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Table 2 Summary of themes describing barriers and driver to medicines reconciliation

From: Barriers and facilitators of medicines reconciliation at transitions of care in Ireland – a qualitative study

Innovation• Complex - many different healthcare providers
• Poor existing communication pathways
• Tailoring processes to local needs
• Standard operating procedures and staff adoption of same
Healthcare Professionals• Staff training and supervision
• Existing culture and hierarchies
• Interest and awareness of reconciliation
• Unclear lines of responsibility
• Time pressures and prioritization
• Institutional effort to boost profile of reconciliation
• Teaching prescribing
• Culture change
Patients• Lack of health literacy
• Responsibility of prescribing information – patient vs HCP
• HCP commitment to patient education
• Empowering patients
• Risk stratifying/targeting those most at risk
• Involving patient supports e.g. family members, ICT, multi-compartment compliance aids
Social context• Multiple prescribers not communicating
• Lack of effective multidisciplinary care (not supporting new roles, not sharing information)
• Clear, effective, systematic lines of communication
• Teamwork culture
• Local leaders, social learning and disseminating good practice
Organisation• Lack of a coordinated ICT strategy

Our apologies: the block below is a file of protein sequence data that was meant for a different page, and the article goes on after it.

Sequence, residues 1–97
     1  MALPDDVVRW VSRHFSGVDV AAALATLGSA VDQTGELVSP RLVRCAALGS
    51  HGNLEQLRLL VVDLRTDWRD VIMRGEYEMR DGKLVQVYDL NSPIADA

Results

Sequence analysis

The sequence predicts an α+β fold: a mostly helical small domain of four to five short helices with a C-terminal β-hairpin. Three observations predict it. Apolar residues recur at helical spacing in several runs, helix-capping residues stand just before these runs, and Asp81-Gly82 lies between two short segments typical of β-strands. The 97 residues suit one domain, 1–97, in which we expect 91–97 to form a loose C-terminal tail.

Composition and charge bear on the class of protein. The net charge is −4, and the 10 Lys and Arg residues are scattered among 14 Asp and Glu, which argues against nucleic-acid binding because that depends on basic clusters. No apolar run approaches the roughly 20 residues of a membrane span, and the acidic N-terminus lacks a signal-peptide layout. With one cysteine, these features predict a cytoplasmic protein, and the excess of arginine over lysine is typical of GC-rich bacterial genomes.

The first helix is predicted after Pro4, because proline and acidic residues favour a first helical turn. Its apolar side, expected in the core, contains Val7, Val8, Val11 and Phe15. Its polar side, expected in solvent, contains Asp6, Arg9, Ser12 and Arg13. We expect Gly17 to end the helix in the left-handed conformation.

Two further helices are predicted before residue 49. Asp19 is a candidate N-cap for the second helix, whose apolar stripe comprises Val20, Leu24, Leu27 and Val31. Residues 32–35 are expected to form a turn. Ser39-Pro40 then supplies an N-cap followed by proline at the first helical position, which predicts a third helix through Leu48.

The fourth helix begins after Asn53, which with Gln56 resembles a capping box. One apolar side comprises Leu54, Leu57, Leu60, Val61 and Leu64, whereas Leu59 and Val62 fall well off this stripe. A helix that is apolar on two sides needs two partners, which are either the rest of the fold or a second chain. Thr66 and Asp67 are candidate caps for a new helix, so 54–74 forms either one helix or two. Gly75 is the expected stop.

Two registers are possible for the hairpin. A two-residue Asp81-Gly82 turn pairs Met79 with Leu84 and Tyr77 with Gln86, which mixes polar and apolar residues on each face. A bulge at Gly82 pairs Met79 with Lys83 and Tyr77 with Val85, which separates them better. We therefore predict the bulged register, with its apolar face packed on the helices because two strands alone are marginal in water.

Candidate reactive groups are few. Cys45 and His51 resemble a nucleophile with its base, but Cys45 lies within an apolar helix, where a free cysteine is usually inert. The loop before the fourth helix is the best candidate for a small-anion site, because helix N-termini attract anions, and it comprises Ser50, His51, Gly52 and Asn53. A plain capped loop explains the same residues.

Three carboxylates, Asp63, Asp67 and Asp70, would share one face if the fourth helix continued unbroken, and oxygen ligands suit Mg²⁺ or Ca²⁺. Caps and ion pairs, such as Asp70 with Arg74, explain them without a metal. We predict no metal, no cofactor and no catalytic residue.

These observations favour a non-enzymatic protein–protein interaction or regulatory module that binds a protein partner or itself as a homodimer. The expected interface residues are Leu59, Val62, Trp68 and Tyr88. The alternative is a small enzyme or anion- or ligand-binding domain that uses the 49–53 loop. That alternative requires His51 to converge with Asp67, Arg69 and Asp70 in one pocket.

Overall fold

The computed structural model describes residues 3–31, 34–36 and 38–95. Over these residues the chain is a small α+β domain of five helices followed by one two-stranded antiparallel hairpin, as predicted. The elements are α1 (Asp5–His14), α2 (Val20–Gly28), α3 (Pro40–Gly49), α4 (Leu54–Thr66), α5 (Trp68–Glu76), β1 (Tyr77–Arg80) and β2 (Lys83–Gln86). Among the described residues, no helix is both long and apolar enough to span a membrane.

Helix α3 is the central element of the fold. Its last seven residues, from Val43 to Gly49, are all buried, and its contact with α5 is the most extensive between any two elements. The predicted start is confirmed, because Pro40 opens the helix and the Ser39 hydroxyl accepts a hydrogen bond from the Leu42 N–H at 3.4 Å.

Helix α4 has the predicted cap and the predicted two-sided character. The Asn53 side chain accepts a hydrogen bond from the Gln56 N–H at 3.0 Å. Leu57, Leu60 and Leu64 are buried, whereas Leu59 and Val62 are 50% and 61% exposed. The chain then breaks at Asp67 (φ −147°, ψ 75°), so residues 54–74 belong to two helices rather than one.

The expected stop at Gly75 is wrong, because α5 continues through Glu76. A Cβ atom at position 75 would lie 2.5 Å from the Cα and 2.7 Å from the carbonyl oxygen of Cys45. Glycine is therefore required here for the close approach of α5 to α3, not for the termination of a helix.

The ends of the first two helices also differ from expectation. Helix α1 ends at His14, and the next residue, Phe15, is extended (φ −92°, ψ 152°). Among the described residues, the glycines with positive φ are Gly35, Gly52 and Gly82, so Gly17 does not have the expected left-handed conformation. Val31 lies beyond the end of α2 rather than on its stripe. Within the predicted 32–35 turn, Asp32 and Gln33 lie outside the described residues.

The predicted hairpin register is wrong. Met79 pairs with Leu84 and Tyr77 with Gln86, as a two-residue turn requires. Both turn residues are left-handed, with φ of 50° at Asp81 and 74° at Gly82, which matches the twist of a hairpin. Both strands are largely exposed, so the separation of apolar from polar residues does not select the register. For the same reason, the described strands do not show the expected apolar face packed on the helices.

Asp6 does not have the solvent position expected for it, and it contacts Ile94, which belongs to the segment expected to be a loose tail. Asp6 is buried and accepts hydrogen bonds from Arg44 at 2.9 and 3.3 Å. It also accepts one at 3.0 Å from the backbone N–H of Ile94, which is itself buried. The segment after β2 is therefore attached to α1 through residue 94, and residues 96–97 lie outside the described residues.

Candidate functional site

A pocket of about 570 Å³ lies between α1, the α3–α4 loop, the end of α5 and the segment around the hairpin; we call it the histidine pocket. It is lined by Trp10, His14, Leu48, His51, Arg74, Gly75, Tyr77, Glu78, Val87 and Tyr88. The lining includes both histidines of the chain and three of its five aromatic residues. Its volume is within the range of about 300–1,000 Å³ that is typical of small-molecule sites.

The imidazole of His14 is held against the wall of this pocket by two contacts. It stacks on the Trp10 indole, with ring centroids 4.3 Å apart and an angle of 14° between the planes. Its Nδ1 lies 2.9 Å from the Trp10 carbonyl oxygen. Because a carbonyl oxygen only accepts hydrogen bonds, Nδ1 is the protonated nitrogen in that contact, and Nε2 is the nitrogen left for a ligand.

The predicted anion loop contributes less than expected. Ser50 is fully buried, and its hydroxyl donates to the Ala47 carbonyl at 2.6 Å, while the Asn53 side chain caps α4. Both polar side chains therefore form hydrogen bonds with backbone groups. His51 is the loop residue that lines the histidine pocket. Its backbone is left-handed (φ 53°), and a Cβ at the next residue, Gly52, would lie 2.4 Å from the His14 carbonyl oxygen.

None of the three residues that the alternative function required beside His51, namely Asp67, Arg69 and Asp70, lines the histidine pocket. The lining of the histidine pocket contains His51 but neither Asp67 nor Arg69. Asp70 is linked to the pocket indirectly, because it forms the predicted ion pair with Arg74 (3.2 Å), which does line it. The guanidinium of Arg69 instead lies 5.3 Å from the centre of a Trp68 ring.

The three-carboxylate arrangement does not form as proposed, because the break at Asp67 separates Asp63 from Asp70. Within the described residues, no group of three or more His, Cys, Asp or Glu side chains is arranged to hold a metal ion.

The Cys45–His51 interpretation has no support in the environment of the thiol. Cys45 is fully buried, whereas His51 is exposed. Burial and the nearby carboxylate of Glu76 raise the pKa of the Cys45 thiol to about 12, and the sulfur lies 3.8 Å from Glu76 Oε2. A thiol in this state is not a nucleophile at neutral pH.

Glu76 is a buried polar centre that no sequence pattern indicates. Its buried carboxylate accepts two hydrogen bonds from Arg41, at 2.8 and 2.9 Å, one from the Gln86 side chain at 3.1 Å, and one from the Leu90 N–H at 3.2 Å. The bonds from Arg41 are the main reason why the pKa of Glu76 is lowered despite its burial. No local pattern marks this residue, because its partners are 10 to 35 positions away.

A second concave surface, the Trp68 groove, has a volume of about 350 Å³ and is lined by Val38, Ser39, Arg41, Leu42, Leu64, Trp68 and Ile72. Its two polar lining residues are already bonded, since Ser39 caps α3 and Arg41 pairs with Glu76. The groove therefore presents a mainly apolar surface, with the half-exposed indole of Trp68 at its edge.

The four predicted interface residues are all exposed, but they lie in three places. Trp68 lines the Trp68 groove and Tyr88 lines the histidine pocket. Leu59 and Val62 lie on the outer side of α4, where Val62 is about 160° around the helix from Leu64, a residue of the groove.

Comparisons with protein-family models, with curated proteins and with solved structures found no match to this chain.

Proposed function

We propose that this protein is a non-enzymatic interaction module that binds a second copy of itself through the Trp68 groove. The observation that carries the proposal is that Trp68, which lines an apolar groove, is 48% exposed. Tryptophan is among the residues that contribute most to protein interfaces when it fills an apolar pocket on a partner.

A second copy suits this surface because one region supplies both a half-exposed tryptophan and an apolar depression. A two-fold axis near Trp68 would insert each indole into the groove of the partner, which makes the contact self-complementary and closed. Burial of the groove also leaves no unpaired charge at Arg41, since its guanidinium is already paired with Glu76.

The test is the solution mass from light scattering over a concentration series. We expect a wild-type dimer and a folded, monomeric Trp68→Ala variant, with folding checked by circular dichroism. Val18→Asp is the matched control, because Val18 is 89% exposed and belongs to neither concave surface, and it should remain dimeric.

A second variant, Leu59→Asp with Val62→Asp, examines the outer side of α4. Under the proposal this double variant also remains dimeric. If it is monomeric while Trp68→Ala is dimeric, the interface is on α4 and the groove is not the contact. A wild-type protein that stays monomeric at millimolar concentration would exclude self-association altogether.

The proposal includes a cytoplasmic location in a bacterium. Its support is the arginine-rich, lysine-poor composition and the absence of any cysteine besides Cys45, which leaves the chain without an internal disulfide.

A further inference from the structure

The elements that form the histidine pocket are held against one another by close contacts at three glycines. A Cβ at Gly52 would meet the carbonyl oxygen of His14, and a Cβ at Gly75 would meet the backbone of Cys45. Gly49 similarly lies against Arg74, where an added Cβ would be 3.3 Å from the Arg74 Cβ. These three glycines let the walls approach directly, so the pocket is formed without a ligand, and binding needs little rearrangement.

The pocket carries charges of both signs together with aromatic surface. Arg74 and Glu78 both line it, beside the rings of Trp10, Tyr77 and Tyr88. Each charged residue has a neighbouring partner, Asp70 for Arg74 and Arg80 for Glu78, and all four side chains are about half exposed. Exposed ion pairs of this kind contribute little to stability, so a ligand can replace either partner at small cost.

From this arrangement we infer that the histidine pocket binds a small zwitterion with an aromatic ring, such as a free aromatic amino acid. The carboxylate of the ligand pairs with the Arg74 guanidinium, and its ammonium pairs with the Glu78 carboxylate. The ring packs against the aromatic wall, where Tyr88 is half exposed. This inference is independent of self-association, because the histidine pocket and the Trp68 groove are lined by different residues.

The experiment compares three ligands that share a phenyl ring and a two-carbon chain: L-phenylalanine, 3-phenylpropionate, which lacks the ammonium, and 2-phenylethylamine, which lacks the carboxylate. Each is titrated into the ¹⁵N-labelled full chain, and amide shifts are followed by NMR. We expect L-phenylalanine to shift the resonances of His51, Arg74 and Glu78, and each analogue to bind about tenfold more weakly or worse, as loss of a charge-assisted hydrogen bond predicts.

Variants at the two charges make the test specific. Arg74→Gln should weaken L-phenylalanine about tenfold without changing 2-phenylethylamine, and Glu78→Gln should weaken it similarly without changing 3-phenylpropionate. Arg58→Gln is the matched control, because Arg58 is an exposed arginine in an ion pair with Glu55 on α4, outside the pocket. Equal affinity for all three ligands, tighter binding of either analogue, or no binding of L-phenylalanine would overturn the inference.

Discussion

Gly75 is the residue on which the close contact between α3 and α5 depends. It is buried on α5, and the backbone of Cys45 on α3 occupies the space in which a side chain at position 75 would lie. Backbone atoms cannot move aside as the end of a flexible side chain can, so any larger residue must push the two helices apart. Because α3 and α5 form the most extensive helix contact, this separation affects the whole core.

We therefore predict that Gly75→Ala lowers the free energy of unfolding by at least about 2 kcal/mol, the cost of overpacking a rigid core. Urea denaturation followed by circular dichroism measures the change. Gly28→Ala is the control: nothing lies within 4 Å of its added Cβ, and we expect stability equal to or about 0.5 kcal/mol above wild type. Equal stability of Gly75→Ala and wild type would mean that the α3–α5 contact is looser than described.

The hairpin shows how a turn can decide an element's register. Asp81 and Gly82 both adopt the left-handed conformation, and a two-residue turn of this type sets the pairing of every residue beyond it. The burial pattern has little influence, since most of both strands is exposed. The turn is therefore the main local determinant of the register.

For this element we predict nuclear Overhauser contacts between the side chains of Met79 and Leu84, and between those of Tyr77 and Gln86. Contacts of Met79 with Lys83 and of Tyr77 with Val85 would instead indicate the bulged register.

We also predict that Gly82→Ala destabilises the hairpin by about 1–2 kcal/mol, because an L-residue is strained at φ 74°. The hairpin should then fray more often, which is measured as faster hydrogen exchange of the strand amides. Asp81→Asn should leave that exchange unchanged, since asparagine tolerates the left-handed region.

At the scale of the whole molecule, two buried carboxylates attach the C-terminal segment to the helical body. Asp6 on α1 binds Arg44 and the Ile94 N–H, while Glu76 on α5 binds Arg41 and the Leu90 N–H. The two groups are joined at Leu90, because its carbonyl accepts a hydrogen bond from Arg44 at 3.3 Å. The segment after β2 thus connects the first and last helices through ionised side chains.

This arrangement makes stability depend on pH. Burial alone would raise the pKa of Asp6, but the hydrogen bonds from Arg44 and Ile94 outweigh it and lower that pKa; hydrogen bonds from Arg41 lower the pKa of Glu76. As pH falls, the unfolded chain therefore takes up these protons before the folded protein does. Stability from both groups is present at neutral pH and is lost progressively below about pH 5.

• Fallible paper-based systems
• System not robust enough to accommodate different patient presentations e.g. elective vs non-elective
• Service availability not reflecting need
• Lack of funding/remuneration to expand activities
• Training, supervision, capacity of NCHDs all limited
• HPs absent from hospital discharge
• Clinical and prescribing information not intrinsically linked
• Funding to increase staff/service capability e.g. 8 am-8 pm, more FTEs
• ICT solutions – linked prescribing databases, decision support systems
• Greater involvement of pharmacists e.g. pharmacist prescribing, medicines use reviews
Political, legal and economic• Ambiguity around official ‘MedRec’ policy
• Disconnect between policy and practice
• Discrepancy between private and publicly funded patients
• Contractual/remuneration concerns
• Data protection concerns
• Positive steps by health authority appointing health informatics lead
• Putting in place systems to support good prescribing practice
• Feedback on good/bad practice
  1. HCP Healthcare Professional, ICT Information Communication Technology, FTE Full Time Equivalent, NCHD Non-consultant Hospital Doctor, HP Hospital Pharmacist